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Roberts' Postcard from Nepal


































Tom Roberts ’79 is currently in private practice in Lower Queen Anne in Seattle, Washington


Summer/Fall 2002

A Kindness Rewarded

Now, surrounded by these kids with shaved heads, dressed in red and yellow robes, I realized this was one of the great moments of my life. We had worked in one of the most exotic countries in the world on some of the kindest people I have met."

by Dr. Tom Roberts ’79


I looked up from my patient and was met by a pair of eyes of a young monk peeking through a crack in the doorway leading to the clinic. I motioned for him to come in.

Fifteen other monks, all in various stages of numbness, followed him through the door, circled the dental chair and peered into my patient’s mouth to see the work being done. Most had never been to the dentist let alone watched one working. This was the last of 35 patients from a local monastery that we had treated that day at the Shechen Clinic. Everyone involved was exhausted but elated that we had made it through the group and completed all the work they needed. My assistant, Sandy, and I would be leaving soon, after working for two weeks at this clinic in Kathmandu, Nepal. The regular staff of the clinic, including two assistants, a receptionist, and a lab technician, had done an amazing job organizing the flow of this two-chair clinic. I wanted to take the entire staff home with me but decided immigrations would take exception to that idea. Now, surrounded by these kids with shaved heads, dressed in red and yellow robes, I realized this was one of the great moments of my life. We had worked in one of the most exotic countries in the world on some of the kindest people I have met. I couldn’t imagine a better way to end our trip.

The Shechen Medical-Dental Clinic is located in the heart of Kathmandu, Nepal in an area heavily settled by Tibetan Buddhist refugees fleeing the Communist Chinese takeover of Tibet in 1951. Created to treat the poorest of the city, the clinic includes medical facilities for Western and Tibetan medicine, acupuncture and naturopathy. The last to open, the dental clinic began seeing patients on a very limited basis in the spring of 2001. The modern facility was built completely with donated equipment. The staff is all dedicated, caring individuals who are anxious to treat as many locals as possible, but they lack one thing: there are no dentists or hygienists available to work at the clinic on a consistent basis.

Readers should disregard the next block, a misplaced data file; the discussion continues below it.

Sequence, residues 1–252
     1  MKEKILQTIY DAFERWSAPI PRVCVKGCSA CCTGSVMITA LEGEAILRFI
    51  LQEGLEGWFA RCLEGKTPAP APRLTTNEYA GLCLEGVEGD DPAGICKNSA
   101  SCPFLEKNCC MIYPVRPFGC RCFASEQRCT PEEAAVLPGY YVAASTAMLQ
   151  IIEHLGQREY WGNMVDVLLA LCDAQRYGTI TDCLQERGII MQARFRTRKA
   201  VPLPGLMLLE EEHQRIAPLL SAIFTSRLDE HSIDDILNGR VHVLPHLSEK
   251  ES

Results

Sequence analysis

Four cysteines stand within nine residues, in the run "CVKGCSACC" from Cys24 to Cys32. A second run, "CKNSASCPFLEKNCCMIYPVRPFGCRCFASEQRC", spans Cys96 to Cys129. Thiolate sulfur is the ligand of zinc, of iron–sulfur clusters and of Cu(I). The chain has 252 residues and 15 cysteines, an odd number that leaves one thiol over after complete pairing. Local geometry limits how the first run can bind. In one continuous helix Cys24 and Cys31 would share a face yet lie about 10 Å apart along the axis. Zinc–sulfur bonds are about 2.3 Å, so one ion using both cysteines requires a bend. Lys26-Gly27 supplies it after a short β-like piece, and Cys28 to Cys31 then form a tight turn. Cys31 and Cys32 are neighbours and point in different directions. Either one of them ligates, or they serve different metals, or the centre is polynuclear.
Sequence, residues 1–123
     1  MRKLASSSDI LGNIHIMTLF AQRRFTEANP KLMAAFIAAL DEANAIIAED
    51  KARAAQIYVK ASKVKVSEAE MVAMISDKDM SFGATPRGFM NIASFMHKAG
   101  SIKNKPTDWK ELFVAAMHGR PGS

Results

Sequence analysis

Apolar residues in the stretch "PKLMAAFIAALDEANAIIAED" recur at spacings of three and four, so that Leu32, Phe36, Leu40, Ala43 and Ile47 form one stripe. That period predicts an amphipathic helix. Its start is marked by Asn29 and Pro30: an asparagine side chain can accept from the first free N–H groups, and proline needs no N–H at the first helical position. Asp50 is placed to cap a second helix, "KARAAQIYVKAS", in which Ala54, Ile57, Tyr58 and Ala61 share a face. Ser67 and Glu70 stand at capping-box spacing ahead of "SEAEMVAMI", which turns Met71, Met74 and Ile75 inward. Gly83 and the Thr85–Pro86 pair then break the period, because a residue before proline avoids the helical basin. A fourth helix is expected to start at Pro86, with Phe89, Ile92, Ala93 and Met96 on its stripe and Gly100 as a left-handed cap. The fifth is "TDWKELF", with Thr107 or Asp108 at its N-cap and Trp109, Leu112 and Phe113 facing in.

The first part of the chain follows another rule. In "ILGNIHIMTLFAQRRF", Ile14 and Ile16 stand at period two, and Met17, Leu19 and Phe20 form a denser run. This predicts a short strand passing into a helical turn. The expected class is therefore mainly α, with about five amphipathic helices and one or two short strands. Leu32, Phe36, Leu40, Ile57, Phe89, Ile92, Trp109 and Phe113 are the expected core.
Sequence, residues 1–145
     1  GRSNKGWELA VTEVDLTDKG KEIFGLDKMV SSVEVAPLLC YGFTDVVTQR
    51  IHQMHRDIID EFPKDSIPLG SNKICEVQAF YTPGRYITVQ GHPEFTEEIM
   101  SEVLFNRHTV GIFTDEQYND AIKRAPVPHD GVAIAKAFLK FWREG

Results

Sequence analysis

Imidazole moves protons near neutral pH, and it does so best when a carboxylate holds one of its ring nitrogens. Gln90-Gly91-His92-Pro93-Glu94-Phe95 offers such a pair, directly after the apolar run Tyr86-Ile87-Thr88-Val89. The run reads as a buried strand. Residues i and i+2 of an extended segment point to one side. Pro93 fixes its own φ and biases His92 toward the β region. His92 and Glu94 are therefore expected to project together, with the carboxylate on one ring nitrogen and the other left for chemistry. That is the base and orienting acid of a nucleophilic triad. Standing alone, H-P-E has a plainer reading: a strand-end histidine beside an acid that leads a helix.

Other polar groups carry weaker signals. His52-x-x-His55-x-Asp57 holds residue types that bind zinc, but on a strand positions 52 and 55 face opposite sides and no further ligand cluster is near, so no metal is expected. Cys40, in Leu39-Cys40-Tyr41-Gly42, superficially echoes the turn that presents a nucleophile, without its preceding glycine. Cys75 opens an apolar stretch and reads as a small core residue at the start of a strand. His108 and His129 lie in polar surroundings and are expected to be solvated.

From the sweltering jungles along the Indian border to the south to the snowy heights of Mt. Everest along the Chinese border to the north, Nepal is geographically one of the most diverse countries in the world. It is also one of the poorest. Recent estimates place the annual income under $300. Access to medical and dental care is limited and a large number never see a dentist. With a diet high in sugar and almost no oral hygiene, there is an overwhelming need for dental and periodontal treatment. The Shechen Clinic can begin to address this problem, but first a consistent flow of Western-trained, volunteer dental providers is needed.

My own first trip to the clinic occurred shortly after the assassination the king and queen and several other members of the country’s royal family by Crown Prince Dipendra in June of 2001. I feared that I was putting my assistant and myself into the middle of a dangerous political situation. Though it was clear that security was higher in the city, at no time did we feel unsafe. The staff of the clinic did everything they could to ensure that our stay was pleasant.
Kathmandu is a deeply religious city with ancient Hindu temples and one of the largest Buddhist holy sites in the world, the Boudhanath Stupa. The Shechen Clinic itself is associated with the Shechen Tibetan Buddhist Monastery. Founded by the last teacher of the Dalai Lama, it is one of the most beautiful Tibetan monasteries outside of Tibet. The people I met there were caring and compassionate and I was regularly greeted with “Namaste,” their recognition of the divine within you.

But more than anything I was struck by their happiness. Though they have very little material wealth, they have a great joy of being and gratitude for all that is done for them. Their attitude toward life has truly put my “problems” into perspective and has changed me profoundly.

When I finished working on the last of the young Buddhist monks, we all moved outside for pictures. Smiles were wide, if slightly lopsided, and everyone who had helped celebrated a job well done. The lama who oversees the monastery presented us with gifts and then herded his group into the waiting bus.
As I watched them go, I felt we had made a small dent in the oral problems of the city and helped move the clinic forward. But to keep it going, the clinic needs a steady supply of dentists and hygienists willing to donate their time and talents. And I, for one, will be back.


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